Greg McKeown, author and Young Global Leader at World Economic Forum
Why do capable people fail to break through to the next level? It’s a question McKeown began pursuing an answer to when he quit law school 15 years ago. “The answer to the question, to my great surprise, is success,” he wrote in his post 12 Myths that Lead to a Busy, Unfulfilling Life.
He first noticed the phenomenon when working with executives in successful Silicon Valley companies. “The success bred options and opportunities which undermined the very focus that led to success in the first place. In other words, I found that success can be a catalyst for failure,” McKeown wrote. What often happens, he contended, is that successful people get distracted by trivial things.
“If we’re not careful, our lives become dictated by ideas which sound convincing at some level but are really myths,” he wrote. He pointed to 12 big myths that can lead to a stressful, unsatisfying career and life.
“If everyone is doing it then I need to do it. Let the fear of missing out consume you. Buy into the cultural bubble that glorifies being busy and checking social media and email constantly. Don’t pay attention to the quiet voice telling you a different life is possible. Just go with the crowd,” he wrote. The truth, “There is a joy in missing out. Discover it.”
“I’ll stay up late and get it done. If you ever mention sleep to someone remember to talk about how little you’ve had lately. Boast about getting five hours last night, or about how you pulled an all-nighter earlier this week. It’s okay to be tired and to admit it. But don’t show weakness—or worse, laziness— by suggesting you need a full eight hours,” he wrote. The truth, he wrote, “Sleep is for high performers.”
“I have plenty of time left to get to that. Of course you aren’t doing exactly what you feel like should be doing, but there will be time to do what you want to do after you’re finished doing what you have to do. You’ll get to it later. It’s a long life,” he wrote. The truth: “Life is pathetically short.”
The overarching lesson is simple, McKeown wrote. “When organising your life, there are only two options: The disciplined pursuit of the essential or the undisciplined pursuit of the nonessential,” he wrote. “And that matters because if you don’t prioritise your life, someone else will.”
Theresa Sullivan, career coach at Wayfinder Advisors
Sometimes, we can be our own worst enemies, contended Sullivan in her post Five Lies that Could be Ruining Your Career (and Your Life).
“That voice we hear in our head recites some pretty interesting narratives so often and so frequently that we really start believing them after a while,” she wrote. “These… turn into our beliefs about ourselves, others and the world in general. They create our reality.”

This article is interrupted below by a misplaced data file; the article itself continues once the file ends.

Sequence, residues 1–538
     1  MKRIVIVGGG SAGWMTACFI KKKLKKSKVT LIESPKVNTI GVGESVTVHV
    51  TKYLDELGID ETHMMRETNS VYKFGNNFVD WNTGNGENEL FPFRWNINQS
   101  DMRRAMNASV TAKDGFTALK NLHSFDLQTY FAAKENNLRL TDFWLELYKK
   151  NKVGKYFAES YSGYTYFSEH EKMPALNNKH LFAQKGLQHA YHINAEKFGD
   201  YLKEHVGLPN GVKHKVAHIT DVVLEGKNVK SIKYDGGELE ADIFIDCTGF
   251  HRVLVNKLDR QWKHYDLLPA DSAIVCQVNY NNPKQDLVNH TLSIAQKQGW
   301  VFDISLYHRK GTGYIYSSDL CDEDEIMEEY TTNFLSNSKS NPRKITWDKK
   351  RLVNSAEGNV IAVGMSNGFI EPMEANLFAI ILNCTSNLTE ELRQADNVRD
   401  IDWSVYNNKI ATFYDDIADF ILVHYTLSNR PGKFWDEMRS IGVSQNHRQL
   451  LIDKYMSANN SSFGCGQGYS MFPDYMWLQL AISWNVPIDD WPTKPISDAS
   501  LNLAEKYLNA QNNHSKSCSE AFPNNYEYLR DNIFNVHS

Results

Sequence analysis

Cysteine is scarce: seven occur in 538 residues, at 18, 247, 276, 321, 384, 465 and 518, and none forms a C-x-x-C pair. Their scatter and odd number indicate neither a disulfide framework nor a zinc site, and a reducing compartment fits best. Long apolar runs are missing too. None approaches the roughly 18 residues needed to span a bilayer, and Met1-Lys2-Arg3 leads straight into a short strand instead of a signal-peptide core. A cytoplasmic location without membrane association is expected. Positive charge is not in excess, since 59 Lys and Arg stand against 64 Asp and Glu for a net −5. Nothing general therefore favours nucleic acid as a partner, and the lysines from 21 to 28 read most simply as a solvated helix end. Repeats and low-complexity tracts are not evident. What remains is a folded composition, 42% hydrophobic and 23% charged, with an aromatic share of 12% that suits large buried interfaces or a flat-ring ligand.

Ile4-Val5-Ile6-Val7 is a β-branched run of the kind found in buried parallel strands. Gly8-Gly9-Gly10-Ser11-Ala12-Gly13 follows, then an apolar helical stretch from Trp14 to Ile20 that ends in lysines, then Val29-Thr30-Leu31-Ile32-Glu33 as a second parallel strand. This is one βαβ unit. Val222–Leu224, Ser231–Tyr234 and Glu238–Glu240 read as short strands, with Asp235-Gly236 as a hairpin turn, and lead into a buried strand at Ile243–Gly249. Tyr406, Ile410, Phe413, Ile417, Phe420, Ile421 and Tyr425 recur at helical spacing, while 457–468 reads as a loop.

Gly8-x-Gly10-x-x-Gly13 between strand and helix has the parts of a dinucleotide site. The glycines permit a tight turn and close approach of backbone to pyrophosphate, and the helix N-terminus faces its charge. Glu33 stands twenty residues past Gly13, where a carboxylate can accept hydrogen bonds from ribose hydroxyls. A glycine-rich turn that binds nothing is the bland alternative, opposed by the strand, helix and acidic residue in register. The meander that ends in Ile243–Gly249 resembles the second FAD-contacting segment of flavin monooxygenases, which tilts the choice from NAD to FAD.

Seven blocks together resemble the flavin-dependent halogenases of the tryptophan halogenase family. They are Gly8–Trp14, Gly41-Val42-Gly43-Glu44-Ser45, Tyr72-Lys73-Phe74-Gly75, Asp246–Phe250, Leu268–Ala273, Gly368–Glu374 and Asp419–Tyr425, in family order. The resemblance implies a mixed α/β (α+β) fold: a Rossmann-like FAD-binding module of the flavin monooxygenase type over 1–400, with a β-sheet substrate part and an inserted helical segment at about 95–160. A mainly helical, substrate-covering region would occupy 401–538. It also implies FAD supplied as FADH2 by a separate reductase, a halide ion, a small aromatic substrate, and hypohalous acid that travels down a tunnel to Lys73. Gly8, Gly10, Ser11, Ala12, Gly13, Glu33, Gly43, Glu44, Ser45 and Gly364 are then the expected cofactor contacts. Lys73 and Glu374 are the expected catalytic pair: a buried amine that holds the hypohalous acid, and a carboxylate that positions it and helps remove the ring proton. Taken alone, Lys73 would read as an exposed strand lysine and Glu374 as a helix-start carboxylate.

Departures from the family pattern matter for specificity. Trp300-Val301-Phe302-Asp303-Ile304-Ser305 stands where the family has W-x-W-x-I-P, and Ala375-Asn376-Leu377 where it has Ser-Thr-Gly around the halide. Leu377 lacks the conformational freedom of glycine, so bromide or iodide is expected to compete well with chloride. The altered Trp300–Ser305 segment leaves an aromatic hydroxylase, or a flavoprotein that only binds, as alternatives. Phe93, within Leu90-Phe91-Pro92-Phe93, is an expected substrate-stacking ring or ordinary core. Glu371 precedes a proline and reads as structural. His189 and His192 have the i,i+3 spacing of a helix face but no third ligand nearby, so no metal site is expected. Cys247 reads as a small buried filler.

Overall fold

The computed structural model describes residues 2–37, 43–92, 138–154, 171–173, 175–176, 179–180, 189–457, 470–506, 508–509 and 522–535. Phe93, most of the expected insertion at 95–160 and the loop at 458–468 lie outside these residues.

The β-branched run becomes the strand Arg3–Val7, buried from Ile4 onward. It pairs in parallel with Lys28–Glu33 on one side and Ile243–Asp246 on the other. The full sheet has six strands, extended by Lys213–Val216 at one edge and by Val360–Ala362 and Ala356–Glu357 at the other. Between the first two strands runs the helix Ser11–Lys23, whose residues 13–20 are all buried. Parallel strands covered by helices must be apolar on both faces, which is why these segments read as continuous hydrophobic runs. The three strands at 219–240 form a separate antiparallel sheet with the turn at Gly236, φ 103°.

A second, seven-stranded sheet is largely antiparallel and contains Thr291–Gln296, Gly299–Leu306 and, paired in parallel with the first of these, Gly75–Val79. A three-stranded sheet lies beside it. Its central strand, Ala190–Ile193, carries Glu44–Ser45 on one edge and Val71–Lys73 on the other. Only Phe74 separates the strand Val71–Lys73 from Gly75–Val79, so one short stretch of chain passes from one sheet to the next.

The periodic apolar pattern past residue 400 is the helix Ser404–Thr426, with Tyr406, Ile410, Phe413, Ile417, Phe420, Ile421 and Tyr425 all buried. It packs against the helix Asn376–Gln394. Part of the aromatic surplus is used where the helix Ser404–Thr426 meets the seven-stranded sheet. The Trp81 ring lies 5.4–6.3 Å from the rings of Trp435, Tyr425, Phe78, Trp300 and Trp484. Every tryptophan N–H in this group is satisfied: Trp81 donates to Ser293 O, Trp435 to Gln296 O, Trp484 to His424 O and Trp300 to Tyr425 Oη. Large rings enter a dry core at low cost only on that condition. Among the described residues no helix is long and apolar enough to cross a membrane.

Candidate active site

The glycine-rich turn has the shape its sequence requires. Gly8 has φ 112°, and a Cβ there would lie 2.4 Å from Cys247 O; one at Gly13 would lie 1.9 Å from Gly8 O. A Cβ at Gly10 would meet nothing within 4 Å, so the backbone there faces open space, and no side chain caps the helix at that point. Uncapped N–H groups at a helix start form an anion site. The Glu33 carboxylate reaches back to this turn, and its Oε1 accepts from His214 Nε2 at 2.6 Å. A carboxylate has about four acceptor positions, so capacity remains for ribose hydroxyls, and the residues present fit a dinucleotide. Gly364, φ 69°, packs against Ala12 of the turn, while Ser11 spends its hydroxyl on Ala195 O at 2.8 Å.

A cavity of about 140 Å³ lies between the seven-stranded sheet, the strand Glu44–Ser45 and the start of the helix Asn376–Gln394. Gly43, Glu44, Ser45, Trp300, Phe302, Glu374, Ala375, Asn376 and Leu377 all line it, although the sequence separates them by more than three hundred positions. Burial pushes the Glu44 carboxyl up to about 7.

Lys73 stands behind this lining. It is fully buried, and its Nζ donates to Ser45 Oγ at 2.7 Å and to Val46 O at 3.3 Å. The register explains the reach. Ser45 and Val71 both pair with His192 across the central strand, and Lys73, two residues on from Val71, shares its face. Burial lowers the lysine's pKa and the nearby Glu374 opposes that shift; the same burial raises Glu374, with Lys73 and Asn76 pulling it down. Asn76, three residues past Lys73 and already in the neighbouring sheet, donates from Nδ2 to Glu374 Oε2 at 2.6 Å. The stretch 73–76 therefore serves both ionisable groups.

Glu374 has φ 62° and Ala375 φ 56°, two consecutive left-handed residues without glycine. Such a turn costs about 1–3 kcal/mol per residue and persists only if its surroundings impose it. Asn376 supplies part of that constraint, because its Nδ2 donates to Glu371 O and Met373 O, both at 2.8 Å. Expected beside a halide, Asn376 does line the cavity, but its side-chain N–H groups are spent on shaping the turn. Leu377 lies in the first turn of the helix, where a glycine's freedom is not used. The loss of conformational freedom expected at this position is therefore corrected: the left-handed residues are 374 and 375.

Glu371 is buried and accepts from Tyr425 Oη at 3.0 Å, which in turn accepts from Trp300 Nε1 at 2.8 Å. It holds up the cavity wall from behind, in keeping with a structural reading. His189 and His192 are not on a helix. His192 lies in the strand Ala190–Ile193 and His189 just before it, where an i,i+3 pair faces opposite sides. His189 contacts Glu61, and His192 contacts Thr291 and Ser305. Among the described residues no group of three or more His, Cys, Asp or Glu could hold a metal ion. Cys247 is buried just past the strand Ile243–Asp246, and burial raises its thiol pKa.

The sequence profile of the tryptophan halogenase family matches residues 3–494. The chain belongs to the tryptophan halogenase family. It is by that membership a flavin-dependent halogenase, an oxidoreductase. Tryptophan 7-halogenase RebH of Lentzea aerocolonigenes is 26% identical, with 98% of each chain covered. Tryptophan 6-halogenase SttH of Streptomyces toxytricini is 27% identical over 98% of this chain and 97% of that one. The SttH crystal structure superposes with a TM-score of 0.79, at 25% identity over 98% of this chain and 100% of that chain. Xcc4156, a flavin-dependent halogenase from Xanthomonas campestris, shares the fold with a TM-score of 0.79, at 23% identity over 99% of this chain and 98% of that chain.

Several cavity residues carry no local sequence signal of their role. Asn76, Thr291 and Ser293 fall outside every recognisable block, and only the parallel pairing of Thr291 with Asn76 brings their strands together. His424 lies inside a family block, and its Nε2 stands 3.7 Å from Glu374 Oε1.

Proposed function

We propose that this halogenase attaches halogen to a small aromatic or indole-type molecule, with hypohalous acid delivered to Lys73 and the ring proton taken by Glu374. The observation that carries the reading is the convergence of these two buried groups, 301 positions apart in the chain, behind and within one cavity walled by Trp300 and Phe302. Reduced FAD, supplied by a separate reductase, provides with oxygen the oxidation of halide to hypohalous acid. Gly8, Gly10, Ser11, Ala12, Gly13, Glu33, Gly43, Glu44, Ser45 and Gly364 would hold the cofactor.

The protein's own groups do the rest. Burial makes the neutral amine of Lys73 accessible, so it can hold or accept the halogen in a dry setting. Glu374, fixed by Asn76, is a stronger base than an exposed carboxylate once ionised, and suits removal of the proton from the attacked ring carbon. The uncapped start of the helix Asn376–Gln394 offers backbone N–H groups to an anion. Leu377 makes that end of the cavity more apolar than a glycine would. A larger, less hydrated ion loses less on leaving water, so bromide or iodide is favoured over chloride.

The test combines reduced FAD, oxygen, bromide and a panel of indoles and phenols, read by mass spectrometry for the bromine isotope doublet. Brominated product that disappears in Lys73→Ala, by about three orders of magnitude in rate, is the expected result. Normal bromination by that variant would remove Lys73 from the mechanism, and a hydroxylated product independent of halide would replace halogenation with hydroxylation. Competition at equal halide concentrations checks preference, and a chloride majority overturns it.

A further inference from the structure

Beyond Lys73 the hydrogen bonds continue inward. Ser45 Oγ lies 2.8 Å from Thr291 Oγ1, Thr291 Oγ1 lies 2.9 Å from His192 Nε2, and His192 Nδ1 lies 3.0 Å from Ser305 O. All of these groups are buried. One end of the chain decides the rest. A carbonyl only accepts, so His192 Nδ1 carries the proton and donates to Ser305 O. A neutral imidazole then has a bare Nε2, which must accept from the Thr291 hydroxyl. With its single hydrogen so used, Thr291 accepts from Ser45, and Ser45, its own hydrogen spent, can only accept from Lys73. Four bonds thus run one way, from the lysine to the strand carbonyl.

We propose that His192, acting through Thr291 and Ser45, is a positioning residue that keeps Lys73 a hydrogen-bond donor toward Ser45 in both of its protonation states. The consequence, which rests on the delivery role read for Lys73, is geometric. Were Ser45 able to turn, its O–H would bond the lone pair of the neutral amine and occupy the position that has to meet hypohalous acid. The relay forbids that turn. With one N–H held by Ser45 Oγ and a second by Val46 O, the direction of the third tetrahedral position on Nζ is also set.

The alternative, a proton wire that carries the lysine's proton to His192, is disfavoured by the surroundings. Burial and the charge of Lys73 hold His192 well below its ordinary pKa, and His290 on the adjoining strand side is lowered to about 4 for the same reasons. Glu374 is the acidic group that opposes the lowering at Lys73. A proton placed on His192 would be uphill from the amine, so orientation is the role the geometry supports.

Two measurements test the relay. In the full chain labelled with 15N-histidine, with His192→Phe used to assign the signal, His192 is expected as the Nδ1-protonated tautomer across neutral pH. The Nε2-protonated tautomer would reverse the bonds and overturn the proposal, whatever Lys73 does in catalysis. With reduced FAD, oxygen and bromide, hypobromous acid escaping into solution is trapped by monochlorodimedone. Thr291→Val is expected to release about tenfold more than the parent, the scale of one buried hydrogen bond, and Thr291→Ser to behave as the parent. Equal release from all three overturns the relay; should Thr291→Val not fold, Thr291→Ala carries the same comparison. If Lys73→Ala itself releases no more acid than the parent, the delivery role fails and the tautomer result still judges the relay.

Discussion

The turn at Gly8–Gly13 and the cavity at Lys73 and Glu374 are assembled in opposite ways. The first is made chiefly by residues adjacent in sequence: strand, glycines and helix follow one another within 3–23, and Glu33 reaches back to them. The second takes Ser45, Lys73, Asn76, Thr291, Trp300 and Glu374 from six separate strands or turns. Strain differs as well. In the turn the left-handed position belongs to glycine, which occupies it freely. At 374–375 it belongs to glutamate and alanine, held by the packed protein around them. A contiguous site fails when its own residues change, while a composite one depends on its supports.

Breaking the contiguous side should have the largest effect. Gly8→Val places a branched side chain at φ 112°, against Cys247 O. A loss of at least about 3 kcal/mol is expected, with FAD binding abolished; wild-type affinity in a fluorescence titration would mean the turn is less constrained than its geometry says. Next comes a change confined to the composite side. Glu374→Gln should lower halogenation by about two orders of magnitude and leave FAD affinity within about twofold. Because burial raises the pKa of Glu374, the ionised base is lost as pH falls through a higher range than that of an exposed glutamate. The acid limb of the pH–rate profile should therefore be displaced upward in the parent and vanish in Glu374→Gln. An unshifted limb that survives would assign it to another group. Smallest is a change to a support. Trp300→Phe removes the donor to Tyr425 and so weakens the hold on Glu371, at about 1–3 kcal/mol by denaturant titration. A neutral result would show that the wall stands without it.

The trouble is, what we think in our own minds creates a reality that is also just our own. “There are as many different realities… as there are human beings,” Sullivan wrote. “That’s good, because it means the reality we live in isn’t already fixed.”
Then there are the “lies people tell themselves that keep them in jobs and careers and relationships that are bad for them,” she wrote. “It's often easier to have a victim mentality that the cards have been dealt and whatever you've ended up with is all you'll ever have, or that you really have no options left, except terrible ones, and everybody knows it.”
Why do we think this way? “The stories we tell often start out as protection for our ego; they make us feel better about bad situations,” Sullivan wrote. “But then they spiral into excuses and beliefs that have the potential to ruin us.”
Sullivan offered the top five lies that professionals tell themselves. Among them:
“I haven’t found my passion/I don’t have a passion. Is that true? You cannot think of one thing that you love doing or being? Is there something you do better than most other people you know? If you had a free day all to yourself to do whatever you wanted in the world, could you think of something you might gravitate toward?,” she wrote.
“It’s too late to change direction now… How many years of life do you think you have left? Now multiply that by 8,765, which is the number of hours in each year. Is that really too little time for you to change direction?,” she wrote. “Never put off a goal because it will take too long — the time will pass anyway. Might as well spend it working toward a goal that makes life fun.”
“I hate my job now, but I will be happy as soon as I [get the promotion/finish the project/collect my bonus/get my degree]. Are you sure? This one thing is all that is holding you back from happiness and liking your job? How long do you think you'll stop hating your job after you accomplish this magical goal that will make you happy? Happiness experts tell us it's pretty temporary.”
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